Health Library Explorer
A B C D E F G H I J K L M N O P Q R S T U V W X Y Z A-Z Listings Contact Us

When Your Child Has Swollen Lymph Nodes 

Outline of child showing lymph nodes in front of and behind ear, on side and back of neck, under chin, in armpits, and in groin.
Lymph nodes are located throughout the body. Some lymph nodes can be felt from outside the body (shaded areas).

Lymph nodes help the body’s immune system fight infection. These nodes are found all over the body. Lymph nodes can swell due to illness or infection. They can also swell for unknown reasons. In most cases, swollen lymph nodes (also called swollen glands) aren’t a serious problem. They often go back to their original size with no treatment or when the illness or infection has passed. 

What causes swollen lymph nodes?

Swollen lymph nodes can be caused by:

  • Common illnesses, such as a cold or an ear infection

  • Bacterial infections, such as strep throat

  • Viral infections, such as mononucleosis

  • Certain rare illnesses that affect the immune system

  • In rare cases, cancer

How is the cause of swollen lymph nodes diagnosed?

  • The healthcare provider asks about your child’s symptoms and health history.

  • A physical exam is done on your child. The provider will check the nodes in the neck, behind the ears, under the arms, and in the groin. These nodes can often be felt from outside the body when they are swollen. If the provider thinks you child may have an infection your child may have more tests.

How are swollen lymph nodes treated?

  • Treatment for swollen lymph nodes depends on the underlying cause. In most cases, no treatment is needed.

  • Medicine can be prescribed by the healthcare provider to treat an infection. Your child should take all of the medicine, even if he or she starts feeling better.

  • If lymph nodes are painful or tender, do the following at home to ease your child’s symptoms: 

    • Give your child over-the-counter medicine, such as ibuprofen or acetaminophen, to treat pain and fever. Don't give ibuprofen to an infant age 6 months or younger. Don’t give aspirin (or medicine that contains aspirin) to a child younger than age 19 unless directed by your child’s provider. Taking aspirin can put your child at risk for Reye syndrome. This is a rare but very serious disorder. It most often affects the brain and the liver.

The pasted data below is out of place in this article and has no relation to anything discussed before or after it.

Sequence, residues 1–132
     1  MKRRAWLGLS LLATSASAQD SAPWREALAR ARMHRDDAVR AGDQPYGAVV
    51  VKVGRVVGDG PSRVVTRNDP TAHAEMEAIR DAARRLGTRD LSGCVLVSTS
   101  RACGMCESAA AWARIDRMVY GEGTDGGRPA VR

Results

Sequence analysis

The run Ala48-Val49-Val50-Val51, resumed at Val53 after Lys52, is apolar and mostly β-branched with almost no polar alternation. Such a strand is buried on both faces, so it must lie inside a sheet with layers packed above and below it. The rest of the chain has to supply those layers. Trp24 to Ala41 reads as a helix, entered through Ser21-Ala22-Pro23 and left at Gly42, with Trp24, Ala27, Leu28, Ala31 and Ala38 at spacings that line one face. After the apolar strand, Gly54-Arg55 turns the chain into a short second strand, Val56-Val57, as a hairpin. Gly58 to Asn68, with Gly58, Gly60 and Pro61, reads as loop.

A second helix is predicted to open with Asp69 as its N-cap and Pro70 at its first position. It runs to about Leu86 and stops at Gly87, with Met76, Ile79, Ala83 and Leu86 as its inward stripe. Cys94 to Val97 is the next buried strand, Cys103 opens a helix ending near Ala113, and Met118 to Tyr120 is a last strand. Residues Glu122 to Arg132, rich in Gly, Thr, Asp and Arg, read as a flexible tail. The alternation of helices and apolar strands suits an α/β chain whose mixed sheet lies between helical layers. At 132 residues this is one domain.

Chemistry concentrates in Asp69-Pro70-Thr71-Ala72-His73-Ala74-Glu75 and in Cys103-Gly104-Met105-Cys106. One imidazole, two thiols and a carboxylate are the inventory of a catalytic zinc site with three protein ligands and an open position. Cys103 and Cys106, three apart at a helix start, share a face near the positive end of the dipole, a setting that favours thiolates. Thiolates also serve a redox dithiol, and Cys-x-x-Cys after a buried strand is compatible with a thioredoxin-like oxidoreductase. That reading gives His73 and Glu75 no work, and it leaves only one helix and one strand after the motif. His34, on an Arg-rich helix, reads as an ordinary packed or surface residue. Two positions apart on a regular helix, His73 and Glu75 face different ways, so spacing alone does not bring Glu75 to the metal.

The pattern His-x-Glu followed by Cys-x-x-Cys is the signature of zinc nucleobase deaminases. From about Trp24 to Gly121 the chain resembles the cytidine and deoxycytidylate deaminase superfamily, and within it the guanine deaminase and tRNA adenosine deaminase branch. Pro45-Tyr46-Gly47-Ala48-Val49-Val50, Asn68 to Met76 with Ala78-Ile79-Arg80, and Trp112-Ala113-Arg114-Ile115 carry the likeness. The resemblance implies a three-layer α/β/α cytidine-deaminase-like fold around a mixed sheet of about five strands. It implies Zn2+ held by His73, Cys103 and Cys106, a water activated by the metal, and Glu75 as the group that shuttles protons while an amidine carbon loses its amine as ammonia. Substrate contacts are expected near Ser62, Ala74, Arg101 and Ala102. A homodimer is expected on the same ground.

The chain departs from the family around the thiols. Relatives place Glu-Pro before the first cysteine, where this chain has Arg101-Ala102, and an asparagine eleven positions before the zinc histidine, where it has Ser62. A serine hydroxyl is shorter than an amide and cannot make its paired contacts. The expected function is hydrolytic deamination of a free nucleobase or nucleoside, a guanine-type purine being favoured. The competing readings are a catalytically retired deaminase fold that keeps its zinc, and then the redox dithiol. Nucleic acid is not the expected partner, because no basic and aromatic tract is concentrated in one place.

• Put a warm, wet cloth (compress) on any painful or sore lymph nodes.

Call the healthcare provider

Call the healthcare provider if your child has any of the following:

  • Fever (see "Fever and children" below)

  • Your child has had a seizure caused by the fever

  • Painful or sore, swollen lymph nodes 

  • Lymph nodes that continue to grow in size or last more than 2 weeks

  • A large lymph node that is very hard or doesn't seem to move under your fingers

Fever and children

Use a digital thermometer to check your child’s temperature. Don’t use a mercury thermometer. There are different kinds of digital thermometers. They include ones for the mouth, ear, forehead (temporal), rectum, or armpit. Ear temperatures aren’t accurate before 6 months of age. Don’t take an oral temperature until your child is at least 4 years old.

Use a rectal thermometer with care. It may accidentally poke a hole in the rectum. It may pass on germs from the stool. Follow the product maker’s directions for correct use. If you don’t feel OK using a rectal thermometer, use another type. When you talk to your child’s healthcare provider, tell him or her which type you used.

Below are guidelines to know if your child has a fever. Your child’s healthcare provider may give you different numbers for your child.

A baby under 3 months old:

  • First, ask your child’s healthcare provider how you should take the temperature.

  • Rectal or forehead: 100.4°F (38°C) or higher

  • Armpit: 99°F (37.2°C) or higher

A child age 3 months to 36 months (3 years):

  • Rectal, forehead, or ear: 102°F (38.9°C) or higher

  • Armpit: 101°F (38.3°C) or higher

Call the healthcare provider in these cases:

  • Repeated temperature of 104°F (40°C) or higher

  • Fever that lasts more than 24 hours in a child under age 2

  • Fever that lasts for 3 days in a child age 2 or older

Online Medical Reviewer: Heather Trevino
Online Medical Reviewer: Liora C Adler MD
Online Medical Reviewer: Pat F Bass MD MPH
Date Last Reviewed: 12/1/2019
© 2000-2022 The StayWell Company, LLC. All rights reserved. This information is not intended as a substitute for professional medical care. Always follow your healthcare professional's instructions.
StayWell Disclaimer